Intentional injury to property or a monument or memorial; reduces penalty. (HB5138)

Introduced By

Del. Lee Carter (D-Manassas)

Progress

Introduced
Passed Committee
Passed House
Passed Senate
Signed by Governor
Became Law

Description

Intentional injury to property or a monument or memorial; penalty. Reduces from a Class 6 felony to a Class 1 misdemeanor the penalty for damages of $1,000 or more for the crime of intentional injury or destruction of (i) any property, real or personal, not his own or (ii) a monument or memorial for war veterans, a monument erected to mark the site of an engagement fought during the Civil War, or a memorial to designate the boundary of a city, town, or tract of land. Read the Bill »

Status

08/26/2020: Awaiting a Vote in the Courts of Justice Committee

History

DateAction
08/26/2020Committee
08/26/2020Presented and ordered printed 20200904D
08/26/2020Referred to Committee for Courts of Justice
08/28/2020Impact statement from DPB (HB5138)

Comments

Andrée Gitchell writes:

I implore you as politicians representing my country NOT to reduce the penalty for persons who seek violence as a way to express their dislike of the statues that reflect our history. There are rational, respectful ways to bring about change. Violence cannot be given a mere slap on the wrist! Our history is a sacred part of who we are as Americans. While we can learn from history, we cannot change it to suit individual narrative.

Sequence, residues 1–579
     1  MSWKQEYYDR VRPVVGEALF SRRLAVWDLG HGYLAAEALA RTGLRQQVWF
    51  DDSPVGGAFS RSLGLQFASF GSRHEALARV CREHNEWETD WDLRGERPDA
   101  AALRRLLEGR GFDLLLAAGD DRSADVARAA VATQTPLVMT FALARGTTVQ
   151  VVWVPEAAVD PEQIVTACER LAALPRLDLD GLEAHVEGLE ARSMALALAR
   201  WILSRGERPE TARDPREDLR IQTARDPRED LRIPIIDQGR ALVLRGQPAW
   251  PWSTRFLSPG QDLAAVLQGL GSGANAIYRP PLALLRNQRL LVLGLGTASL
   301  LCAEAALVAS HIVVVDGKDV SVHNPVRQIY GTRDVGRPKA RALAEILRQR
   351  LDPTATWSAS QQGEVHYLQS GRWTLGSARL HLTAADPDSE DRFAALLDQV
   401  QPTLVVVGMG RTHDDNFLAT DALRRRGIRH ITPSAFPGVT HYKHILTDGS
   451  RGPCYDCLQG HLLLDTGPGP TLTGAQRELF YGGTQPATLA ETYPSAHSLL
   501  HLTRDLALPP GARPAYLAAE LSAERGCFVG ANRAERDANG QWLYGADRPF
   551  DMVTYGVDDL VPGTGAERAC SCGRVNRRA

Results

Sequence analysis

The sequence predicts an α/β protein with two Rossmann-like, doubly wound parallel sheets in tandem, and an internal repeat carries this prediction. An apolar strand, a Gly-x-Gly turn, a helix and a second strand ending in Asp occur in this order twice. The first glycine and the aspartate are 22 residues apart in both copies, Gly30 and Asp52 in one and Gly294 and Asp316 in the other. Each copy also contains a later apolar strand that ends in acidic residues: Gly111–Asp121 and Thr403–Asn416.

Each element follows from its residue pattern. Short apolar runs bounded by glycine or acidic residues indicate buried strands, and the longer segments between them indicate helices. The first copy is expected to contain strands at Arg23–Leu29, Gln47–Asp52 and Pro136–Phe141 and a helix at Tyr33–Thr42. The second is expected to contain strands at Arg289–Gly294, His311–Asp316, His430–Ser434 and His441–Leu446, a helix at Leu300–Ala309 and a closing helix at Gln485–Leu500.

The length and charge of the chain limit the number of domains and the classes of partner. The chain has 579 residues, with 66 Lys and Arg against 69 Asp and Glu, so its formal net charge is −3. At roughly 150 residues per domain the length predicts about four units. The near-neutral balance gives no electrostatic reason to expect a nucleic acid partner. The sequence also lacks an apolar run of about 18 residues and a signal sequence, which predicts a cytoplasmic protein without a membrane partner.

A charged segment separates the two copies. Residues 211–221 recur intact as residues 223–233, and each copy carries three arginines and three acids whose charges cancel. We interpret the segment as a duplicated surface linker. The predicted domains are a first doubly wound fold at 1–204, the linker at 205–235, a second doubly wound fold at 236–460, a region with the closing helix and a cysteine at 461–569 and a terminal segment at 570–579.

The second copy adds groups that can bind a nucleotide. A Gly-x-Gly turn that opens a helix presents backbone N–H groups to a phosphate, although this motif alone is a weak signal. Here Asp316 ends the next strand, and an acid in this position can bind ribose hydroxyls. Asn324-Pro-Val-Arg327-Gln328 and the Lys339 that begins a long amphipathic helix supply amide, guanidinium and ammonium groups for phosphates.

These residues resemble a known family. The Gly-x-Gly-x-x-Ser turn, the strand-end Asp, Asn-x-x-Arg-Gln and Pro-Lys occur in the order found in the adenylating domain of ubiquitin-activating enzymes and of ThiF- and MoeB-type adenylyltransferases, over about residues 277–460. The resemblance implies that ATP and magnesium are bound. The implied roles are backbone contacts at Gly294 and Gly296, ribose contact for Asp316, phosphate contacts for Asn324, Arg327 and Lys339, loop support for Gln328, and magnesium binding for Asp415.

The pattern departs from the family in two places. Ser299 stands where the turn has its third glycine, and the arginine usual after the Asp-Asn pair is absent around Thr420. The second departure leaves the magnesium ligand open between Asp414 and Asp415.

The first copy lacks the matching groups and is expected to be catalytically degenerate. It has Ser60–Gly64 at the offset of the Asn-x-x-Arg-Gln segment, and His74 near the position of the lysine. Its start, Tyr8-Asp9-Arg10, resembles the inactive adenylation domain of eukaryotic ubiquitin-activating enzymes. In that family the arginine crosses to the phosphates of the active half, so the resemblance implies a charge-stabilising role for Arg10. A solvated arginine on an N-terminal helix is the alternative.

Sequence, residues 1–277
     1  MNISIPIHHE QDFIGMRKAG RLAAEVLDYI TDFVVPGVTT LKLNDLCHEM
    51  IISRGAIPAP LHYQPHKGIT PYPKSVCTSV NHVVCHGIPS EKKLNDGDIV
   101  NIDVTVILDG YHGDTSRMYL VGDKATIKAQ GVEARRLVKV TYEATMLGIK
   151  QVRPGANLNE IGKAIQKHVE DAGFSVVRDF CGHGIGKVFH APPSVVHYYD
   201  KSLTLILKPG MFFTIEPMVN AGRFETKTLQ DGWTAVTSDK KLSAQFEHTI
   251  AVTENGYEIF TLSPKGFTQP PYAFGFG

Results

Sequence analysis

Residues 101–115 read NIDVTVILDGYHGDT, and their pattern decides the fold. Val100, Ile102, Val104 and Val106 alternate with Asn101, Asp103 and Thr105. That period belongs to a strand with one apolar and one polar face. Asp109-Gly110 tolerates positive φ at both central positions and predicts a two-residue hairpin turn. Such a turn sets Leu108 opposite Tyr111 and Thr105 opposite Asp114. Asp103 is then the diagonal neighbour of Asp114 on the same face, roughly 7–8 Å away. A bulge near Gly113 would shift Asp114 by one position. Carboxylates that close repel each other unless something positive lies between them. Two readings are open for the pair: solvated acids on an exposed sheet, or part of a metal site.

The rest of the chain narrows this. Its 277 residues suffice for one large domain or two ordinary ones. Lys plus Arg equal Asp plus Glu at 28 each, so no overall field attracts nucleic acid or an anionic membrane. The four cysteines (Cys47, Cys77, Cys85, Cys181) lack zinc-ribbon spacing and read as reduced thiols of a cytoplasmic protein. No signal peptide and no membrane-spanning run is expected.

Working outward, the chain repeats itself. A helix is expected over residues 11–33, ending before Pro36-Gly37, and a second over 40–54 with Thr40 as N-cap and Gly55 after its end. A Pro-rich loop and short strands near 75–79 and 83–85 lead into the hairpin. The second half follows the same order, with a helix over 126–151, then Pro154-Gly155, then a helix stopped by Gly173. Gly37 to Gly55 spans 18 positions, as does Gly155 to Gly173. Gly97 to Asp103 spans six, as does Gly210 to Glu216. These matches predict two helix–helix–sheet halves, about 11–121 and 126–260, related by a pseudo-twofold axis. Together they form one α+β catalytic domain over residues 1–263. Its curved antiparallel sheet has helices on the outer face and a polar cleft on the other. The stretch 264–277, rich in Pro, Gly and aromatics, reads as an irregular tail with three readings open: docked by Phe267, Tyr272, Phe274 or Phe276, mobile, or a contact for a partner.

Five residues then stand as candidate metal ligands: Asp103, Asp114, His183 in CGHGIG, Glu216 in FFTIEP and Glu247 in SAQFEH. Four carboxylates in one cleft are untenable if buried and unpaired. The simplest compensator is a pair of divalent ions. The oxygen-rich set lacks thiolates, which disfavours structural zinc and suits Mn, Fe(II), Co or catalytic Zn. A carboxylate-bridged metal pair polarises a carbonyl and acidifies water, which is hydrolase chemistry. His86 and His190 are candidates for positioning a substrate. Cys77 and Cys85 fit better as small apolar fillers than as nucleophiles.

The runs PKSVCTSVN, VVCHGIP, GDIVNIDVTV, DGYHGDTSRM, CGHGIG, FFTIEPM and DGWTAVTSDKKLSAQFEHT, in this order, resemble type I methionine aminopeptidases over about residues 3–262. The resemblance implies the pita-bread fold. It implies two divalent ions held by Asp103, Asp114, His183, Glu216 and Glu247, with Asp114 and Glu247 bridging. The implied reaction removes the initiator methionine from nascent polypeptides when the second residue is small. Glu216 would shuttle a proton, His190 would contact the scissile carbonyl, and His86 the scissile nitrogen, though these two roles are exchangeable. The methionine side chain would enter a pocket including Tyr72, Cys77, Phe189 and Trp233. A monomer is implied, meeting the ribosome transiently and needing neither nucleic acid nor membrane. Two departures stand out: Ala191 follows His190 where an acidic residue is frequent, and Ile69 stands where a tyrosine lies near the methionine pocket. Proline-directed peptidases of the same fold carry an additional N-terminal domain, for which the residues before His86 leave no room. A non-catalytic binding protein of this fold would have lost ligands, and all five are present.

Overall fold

Barry Slagle writes:

I am not in favor of this bill because it permits any destruction of any memorial without consequences.

Waldo Jaquith writes:

I am not in favor of this bill because it permits any destruction of any memorial without consequences.

That is not true. This bill makes it a Class 1 misdemeanor, punishable by up to one year in prison or a fine of $2,500.

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